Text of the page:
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Local News

  • Squire Boone statue moving forward

    The movement to raise funds for a Squire Boone Statue to be placed at the East End entrance to Shelbyville is gaining steam again.

    The group, led by Joe Ruble, has already commissioned Louisville-sculptor Raymond Graf to create the statue of Shelby County’s most noted first resident, and now Ruble and his group have something to show.

    “We just got these small statues in, and they’re real bronze,” he said. “This is what we’ll give individuals or businesses that donate seventy-five hundred or more.”

  • Kentucky Legislature: Pension reform, hemp salvaged

    Kentucky lawmakers rushed a bevy of bills through just under the wire on Tuesday, including a plan to resolve the $33 billion in unfunded liability for the state pension system.

    “I think this is a very good compromise, and in the end we got a better bill,” said Rep. Brad Montell (R-Shelbyville), who sits on the House State Government committee, which oversees the retirement system. “

    The plan combines key components from House Bill 440, a funding bill, and Senate Bill 2, which created changes in the pension plan.

  • Simpsonville fire claims goats and barn

    Still-smoking, charred remnants of a barn are the horrible aftermath of a blaze in which dozens of prize dairy goats died Wednesday morning, their terrified bleating echoing through the darkness when the structure went up in flames.

    “It was so pitiful. You should have seen them. It was a nightmare, just a nightmare,” said Joann Shelburne in a trembling voice as she looked out at the ruins where half of her prize-winning Alpine dairy goats perished in the predawn hours.

    She said 25 goats died, and five more had to be put down.

  • Spring cleaning time in Shelby

    With Earth Day still three weeks away, several organizations are pushing ahead with spring cleanings in Shelby County.

    For instance, if you didn’t get to participate in the statewide Commonwealth Cleanup program last week, there’s still time. Kathy Ranard, Shelby County’s Clean Community director, has extended Shelby’s program until May 1.

  • Prison guard’s trial postponed

    The trial of James Johnson, a correctional officer with the Kentucky Correctional Institute for Women in Pewee Valley charged with sexual abuse of inmates last summer, was postponded Wednesday in Shelby County Circuit Court.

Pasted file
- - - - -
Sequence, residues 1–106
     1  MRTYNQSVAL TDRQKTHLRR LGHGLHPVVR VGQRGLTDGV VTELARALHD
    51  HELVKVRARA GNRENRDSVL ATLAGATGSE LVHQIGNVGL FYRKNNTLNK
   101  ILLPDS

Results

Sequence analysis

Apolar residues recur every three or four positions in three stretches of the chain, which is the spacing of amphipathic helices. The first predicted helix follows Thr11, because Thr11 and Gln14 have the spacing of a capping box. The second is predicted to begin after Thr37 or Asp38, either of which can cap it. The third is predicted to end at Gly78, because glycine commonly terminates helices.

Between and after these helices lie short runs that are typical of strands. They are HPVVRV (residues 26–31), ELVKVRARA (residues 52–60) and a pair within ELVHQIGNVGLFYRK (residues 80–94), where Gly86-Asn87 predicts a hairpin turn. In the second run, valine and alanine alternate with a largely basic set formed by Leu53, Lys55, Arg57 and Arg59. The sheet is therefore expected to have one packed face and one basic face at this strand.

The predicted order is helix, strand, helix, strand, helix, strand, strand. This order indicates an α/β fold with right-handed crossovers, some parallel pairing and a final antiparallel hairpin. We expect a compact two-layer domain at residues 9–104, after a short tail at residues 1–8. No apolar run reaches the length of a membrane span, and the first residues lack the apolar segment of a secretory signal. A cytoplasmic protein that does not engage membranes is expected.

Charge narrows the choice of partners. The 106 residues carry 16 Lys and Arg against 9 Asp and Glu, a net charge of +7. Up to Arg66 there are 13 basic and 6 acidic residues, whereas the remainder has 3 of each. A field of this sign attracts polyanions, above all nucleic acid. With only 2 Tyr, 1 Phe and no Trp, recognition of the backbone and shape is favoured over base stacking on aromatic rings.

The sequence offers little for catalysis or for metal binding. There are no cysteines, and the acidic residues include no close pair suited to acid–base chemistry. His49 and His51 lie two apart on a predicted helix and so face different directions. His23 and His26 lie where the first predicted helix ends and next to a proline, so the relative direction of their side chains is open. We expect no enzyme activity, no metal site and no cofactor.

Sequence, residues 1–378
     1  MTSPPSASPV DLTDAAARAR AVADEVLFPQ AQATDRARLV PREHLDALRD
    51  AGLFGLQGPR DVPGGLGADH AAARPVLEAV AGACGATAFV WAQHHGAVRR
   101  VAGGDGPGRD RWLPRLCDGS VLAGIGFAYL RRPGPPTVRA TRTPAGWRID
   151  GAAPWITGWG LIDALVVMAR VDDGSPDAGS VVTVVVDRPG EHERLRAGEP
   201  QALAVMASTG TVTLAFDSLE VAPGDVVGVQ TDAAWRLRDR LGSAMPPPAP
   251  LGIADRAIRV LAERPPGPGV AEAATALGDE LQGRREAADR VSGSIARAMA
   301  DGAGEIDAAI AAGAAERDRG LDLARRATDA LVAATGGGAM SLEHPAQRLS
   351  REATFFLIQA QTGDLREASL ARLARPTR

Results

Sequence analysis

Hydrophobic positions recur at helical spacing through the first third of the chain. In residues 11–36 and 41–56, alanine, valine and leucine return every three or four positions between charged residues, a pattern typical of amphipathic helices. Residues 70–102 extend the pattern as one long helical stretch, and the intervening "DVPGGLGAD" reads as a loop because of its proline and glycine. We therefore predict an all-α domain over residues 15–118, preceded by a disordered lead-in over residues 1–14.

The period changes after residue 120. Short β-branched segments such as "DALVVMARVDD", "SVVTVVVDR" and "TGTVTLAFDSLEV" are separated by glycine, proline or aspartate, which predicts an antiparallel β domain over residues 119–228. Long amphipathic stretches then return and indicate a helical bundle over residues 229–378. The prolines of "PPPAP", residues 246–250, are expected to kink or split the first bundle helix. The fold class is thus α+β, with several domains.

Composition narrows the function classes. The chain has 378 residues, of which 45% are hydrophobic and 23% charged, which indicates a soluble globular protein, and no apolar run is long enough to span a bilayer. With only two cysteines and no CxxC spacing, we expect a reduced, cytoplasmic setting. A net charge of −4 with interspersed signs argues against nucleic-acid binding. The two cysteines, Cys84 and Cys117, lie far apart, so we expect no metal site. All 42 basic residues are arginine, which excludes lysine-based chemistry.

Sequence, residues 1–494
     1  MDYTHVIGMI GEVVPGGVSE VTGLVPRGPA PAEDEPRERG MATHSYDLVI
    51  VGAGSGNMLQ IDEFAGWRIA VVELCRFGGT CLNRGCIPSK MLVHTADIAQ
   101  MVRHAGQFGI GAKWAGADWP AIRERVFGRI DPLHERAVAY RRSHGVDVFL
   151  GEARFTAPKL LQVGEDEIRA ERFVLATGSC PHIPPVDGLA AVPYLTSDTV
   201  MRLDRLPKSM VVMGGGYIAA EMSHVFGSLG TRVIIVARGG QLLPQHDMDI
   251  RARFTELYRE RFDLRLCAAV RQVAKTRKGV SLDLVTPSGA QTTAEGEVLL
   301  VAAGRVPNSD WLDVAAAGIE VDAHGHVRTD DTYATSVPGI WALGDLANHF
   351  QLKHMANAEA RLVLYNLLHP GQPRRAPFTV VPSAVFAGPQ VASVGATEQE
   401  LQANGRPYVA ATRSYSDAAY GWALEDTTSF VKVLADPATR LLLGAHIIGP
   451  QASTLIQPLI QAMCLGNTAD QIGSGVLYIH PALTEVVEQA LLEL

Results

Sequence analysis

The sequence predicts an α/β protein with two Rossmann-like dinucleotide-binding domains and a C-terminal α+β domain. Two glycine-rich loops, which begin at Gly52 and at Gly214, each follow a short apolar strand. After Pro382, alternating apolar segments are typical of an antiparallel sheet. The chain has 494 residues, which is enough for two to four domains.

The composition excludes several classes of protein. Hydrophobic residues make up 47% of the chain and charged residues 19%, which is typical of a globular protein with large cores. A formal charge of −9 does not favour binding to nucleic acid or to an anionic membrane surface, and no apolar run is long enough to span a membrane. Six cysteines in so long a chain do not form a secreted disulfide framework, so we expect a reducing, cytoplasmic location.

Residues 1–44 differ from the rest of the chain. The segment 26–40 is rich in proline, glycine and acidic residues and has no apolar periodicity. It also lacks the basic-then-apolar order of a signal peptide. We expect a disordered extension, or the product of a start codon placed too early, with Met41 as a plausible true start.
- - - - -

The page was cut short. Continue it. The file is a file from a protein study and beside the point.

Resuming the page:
Johnson  has been rescheduled for a status hearing on April 15.

    Assistant Commonwealth Attorney Melanie Carroll had said last fall that she expected Johnson to make a plea agreement with her office, but that arrangement never materialized.

  • News Digest: March 29, 2013

    Shelby’s unemployment up

    but still among state’s best

    Shelby County’s unemployment rose slightly in February – to 6.9 percent – but still remained tied for the fifth-best rate in Kentucky.

  • EARLIER: Outlet mall: Simpsonville misses grant for sewers

    The City of Simpsonville has missed out on a $970,000 Community Development Block Grant that was intended to help Horizon Group Properties with needed sewer and water work for its 364,000-square-foot outlet mall.

    City officials applied in November for the grant – which is funded by the federal government but administered by state to aid small cities with development needs – and received its rejection on Friday.

  • Shelby County School Board: Goals workshop to shape 2013-14

    After reviewing the 2012-13 board goals and progress toward reaching them during its meeting March 14, the Shelby County Board of Education will look past the present and toward the future at Thursday’s meeting at the district’s offices in Shelbyville.

    This week the board will hold a workshop at 1155 Main Street to discuss the options and plans for the 2013-14 board goals.

  • News Digest: March 27, 2013

    Hornback steps away

    from talks on hemp bill

    Supporters of legislation to license Kentucky farmers to grow hemp said the latest proposal by House Democratic leaders contains troubling provisions that could be deal-breakers. A fourth version of the amendment proposed by House Majority Floor Leader Rocky Adkins (D-Sandy Hook) and Majority Caucus Chair Sannie Overly (D-Paris) would move much of the oversight for hemp to the Kentucky State Police, who have opposed hemp production.

  • Bagdad residents to discuss post office

    Thursday most likely will see a large crowd crossing the street from the Bagdad Post Office to Bagdad Baptist Church, if officials are correct about the community’s interest in the future of the post office there.
    “We do expect a good turnout,” said Michelle Games, officer in charge of the Bagdad Post Office.

    The community meeting, scheduled for 5 p.m., will permit postal service officials to gain public input on whether or not people want to see the post office shut down or begin operating on reduced hours.